Confidence doesn’t come first.

I came across another article on confidence today about it being one of the keys to success. I found it to be the complete opposite of how life actually works, especially when it comes to confidence. Like the idea that hard work is brave and noble, it’s been conditioned in to the cultural narrative so many times that we’ve fallen hook, line and sinker for it again and again.

We are told that successful people exude confidence, it’s obvious that they believe in themselves and what they are doing. We are told that it isn’t their success that makes them confident, the confidence was there first.

Now. It’s true that successful people exude a deep natural confidence, you feel the glow of their presence, the certainty in their leadership and sense of direction, the willingness to stand behind their beliefs and ideas.

We forget that we are taking our impression of someone’s external reality and comparing that with how it looks on the inside of our world. We fail to notice that when Usain Bolt won the last world championships, he stumbled out of the blocks in the semi-final and almost fell over. Before the final his coach told him to stop thinking about it, you’ve done this a thousand times before, you know what to do. 
 That was the key, he knew what to do. We all know what to do. Most of us are sat waiting to feel confidence before we can act. The problem being that it’s not confidence that we need, it’s courage.

It’s the courage to have a cause and a dream great enough to risk failure, to risk death. It takes courage to fail completely and see that as a step on the adventure towards greater success. 
 Dave Grohl, one of the most successful rock musicians of the last 30 years, still suffers from stage fright. He doesn’t let that stop him from performing. He looks confident, he exudes confidence. That doesn’t mean that we feel confident before we act. Besides, no matter how confident we are of victory, we still might lose.

Once you go for it, once you fall over and keep going, once you practice and become competent, once you learn how to respond in the moment. Then you become more confidence grows.

Even Neo in the Matrix couldn’t jump the chasm the first time.

It’s not confidence you need to reach for new challenges, it’s courage.

Doubt breeds doubt so we are told. Why would anyone believe in you, your ideas or abilities if you didn’t believe in them yourself? That sounds great but do you have any idea of the number of people who believe they have great business ideas, raise funding and then crumble. Belief in an idea or your ability is massively overrated, especially if you haven’t done a thorough reality check.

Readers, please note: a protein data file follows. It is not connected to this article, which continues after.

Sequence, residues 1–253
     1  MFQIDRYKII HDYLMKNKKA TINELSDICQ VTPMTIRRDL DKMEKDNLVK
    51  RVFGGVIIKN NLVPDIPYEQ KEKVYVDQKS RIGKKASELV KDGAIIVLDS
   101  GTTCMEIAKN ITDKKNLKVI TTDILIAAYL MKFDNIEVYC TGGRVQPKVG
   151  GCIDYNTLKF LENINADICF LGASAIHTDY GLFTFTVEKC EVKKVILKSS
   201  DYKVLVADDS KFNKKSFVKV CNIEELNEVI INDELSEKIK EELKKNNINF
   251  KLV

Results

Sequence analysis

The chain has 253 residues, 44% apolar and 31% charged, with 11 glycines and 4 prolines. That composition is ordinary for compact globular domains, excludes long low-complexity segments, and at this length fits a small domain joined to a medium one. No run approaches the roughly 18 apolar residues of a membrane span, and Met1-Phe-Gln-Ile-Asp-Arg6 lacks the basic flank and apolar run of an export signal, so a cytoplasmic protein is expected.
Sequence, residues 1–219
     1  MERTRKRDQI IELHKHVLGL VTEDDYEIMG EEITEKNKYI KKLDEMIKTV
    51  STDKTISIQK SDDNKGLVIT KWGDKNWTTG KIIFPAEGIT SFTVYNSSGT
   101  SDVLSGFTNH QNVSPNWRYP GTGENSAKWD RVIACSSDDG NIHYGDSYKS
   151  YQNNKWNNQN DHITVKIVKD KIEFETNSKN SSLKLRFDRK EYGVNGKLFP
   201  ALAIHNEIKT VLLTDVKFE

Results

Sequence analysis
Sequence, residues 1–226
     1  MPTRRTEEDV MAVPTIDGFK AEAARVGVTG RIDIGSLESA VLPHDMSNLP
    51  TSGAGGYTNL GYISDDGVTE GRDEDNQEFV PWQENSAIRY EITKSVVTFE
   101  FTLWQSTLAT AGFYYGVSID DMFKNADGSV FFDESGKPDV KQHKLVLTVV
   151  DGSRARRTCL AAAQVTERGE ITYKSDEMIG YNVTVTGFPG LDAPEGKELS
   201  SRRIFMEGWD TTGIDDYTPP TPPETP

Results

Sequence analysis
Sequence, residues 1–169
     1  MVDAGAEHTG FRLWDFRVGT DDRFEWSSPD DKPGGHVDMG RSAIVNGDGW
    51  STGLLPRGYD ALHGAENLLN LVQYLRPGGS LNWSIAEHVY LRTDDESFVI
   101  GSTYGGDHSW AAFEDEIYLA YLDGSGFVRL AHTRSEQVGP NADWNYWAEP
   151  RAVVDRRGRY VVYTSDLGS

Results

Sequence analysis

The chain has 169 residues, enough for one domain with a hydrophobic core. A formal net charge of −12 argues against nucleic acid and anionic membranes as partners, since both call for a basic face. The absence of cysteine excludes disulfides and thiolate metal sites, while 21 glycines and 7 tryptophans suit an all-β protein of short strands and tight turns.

I was incredibly confident in my ability to make a living playing poker, that confidence had no relation to the actual reality of the situation. There is no causal relationship between confidence and skill. You can be terribly anxious and get incredible results. Many high-achieving people have high anxiety and little confidence. It’s said that the consulting firm McKinsey deliberately recruited such people who would achieve great results and never feel secure in their position.

We are told that we need to remove all the barriers created by self-doubt. There’s nothing about doubting yourself that stops you from courageously trying things out and taking action. People who are fearful or insecure stay inside their comfort zones? Anyone seen the Republican candidate for the 2016 USA election? He seems to be making waves out of his comfort zone and it looks to me like he’s incredibly fearful and anxious. At least that’s how it works for me when I respond to criticism by descending into personal abuse and hurtling insults across the world.

The article goes to claim that people in dead -end jobs are the people who lack confidence. Unconfident people often feel at the mercy of circumstances. I’ve worked with leaders, successful business owners who don’t feel confident. Confidence is how people tend to look on the outside when we are looking from our lens of perception on the inside.

Although. I’m now going to contradict myself and agree with the mysterious writer of the article. Confidence does come first. Every child I’ve met, given scope to play and express themselves freely has deep, natural confidence. The kind that allows mistakes, the kind that has an insatiable curiosity and wants to explore life, to discover and find things out. To learn and grow and live. After all that could really be what being successful is all about.

One clap, two clap, three clap, forty?

By clapping more or less, you can signal to us which stories really stand out.